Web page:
Xi spoke Friday at the Convention and Exhibition Centre in Wan Chai, delivering a keynote address on the 25th anniversary of the Chinese reclamation of Hong Kong.
The speech, which focused on China’s “One Country, Two Systems” policy of governance, made waves in upper levels of Hong Kong finance and politics. Already, the island’s most powerful officials and executives are holding seminars to discuss and learn about the speech. Schools are being encouraged to share the contents of the speech with students and closely study the president’s words.
“All sectors of the community, including the education sector, attach great importance [to the speech],” an Education Bureau spokesperson told the South China Morning Post.
“It is a school-based decision and it is up to principals to decide [whether] to make [studying] Xi’s speech compulsory,” the spokesman continued.
Xi’s visit to Hong Kong made international news as it was the president’s first trip outside the mainland in more than two years.
The tension between Beijing and Hong Kong is at a breaking point as the mainland continues to sanction, censor and even arrest political dissidents calling for an independent country. Some have gone as far as begging the United Kingdom to intervene and reabsorb the island.
On July 1, 1997, the wealthy microstate of the British Empire was formally handed over to the Chinese Communist Party – China leased the island to Britain in 1898 for 99 years.
In his Friday speech, Xi blatantly ignored the civil unrest in Hong Kong, instead boasting of the One Country, Two Systems policy’s success.
“The policy of One Country, Two Systems is a great initiative that has no precedent to follow. The underlying goal of the policy of One Country, Two Systems is to uphold China’s sovereignty, security and development interests and maintain long-term prosperity and stability in Hong Kong and Macau.”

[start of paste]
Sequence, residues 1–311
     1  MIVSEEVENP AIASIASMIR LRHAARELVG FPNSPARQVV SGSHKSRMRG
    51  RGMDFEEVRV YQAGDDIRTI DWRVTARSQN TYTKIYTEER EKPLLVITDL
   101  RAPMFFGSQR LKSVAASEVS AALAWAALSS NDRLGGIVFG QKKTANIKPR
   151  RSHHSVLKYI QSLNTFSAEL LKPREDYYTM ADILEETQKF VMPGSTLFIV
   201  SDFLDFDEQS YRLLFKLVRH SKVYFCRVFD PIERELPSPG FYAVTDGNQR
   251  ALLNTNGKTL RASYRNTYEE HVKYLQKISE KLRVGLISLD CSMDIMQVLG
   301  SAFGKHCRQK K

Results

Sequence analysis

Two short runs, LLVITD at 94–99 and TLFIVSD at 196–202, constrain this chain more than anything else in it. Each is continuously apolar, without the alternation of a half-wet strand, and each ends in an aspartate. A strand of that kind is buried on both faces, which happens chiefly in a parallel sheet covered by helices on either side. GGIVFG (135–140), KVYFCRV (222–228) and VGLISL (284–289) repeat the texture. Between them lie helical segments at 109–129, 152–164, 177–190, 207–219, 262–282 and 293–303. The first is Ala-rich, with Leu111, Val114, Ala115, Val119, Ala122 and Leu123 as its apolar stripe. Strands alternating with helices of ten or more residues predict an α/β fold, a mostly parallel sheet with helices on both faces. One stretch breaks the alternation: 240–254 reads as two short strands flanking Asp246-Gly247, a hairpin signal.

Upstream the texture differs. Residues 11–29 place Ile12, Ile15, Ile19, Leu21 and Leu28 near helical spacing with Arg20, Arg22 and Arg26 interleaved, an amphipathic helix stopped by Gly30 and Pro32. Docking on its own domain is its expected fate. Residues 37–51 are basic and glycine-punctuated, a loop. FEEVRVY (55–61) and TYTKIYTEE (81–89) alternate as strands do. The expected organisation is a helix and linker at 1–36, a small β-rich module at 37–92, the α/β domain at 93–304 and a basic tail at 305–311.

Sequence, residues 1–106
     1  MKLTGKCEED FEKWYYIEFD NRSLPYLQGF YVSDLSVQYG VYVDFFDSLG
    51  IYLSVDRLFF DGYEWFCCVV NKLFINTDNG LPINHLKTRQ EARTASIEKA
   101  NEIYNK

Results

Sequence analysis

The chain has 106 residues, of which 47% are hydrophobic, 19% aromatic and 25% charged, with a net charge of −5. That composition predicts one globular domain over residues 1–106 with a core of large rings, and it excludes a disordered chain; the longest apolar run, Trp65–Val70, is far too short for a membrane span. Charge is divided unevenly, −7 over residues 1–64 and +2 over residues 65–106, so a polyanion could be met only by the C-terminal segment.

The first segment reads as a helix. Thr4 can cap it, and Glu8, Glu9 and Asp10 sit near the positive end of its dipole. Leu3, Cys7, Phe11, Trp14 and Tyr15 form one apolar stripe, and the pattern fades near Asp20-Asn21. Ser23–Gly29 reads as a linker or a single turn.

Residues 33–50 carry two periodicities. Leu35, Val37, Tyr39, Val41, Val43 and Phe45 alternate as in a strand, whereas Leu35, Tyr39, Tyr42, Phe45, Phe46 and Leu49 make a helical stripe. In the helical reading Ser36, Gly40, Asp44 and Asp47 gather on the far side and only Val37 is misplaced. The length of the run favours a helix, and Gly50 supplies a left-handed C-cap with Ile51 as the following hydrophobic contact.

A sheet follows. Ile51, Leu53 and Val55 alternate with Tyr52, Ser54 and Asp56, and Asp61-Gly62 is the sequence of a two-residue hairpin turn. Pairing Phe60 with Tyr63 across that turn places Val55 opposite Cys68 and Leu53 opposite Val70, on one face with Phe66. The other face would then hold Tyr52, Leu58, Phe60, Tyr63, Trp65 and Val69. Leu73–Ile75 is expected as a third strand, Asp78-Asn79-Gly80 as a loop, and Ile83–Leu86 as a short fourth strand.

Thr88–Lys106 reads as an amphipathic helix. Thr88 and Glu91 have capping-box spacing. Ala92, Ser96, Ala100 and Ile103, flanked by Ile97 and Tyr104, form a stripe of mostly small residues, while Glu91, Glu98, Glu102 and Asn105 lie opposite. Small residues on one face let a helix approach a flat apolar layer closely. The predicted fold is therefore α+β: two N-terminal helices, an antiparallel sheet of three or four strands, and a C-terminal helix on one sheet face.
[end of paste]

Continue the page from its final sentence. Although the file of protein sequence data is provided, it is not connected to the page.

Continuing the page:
The president even claimed that the policy has “unanimous endorsement” from the people of Hong Kong.
“It enjoys the full support of more than 1.4 billion people of the motherland, it has the unanimous endorsement of Hong Kong and Macau residents, and it is widely recognized by the international community. There is no reason to change such a good system. And it must be adhered to over the long run!”
The inaccuracy of Xi’s comments are hard to ignore. Only days after his speech, a group of Hong Kongers began their trial on charges of sedition against the Chinese Communist Party.
Chinese authorities have arrested five speech therapists in Hong Kong for publishing children’s books that reportedly contained anti-Beijing sentiment.
The five therapists, who were arrested over a year ago, are finally facing trial for charges of sedition for a series of books about a village of sheep and a village of wolves. The books very clearly differentiate the two towns as good and bad, with the wolves’ society bearing a striking resemblance to mainland China.
The books depict the society of wolves – monitored by CCTV cameras – plotting an infiltration of the sheep village after their shepherd has left.
The Associated Press contributed to this report.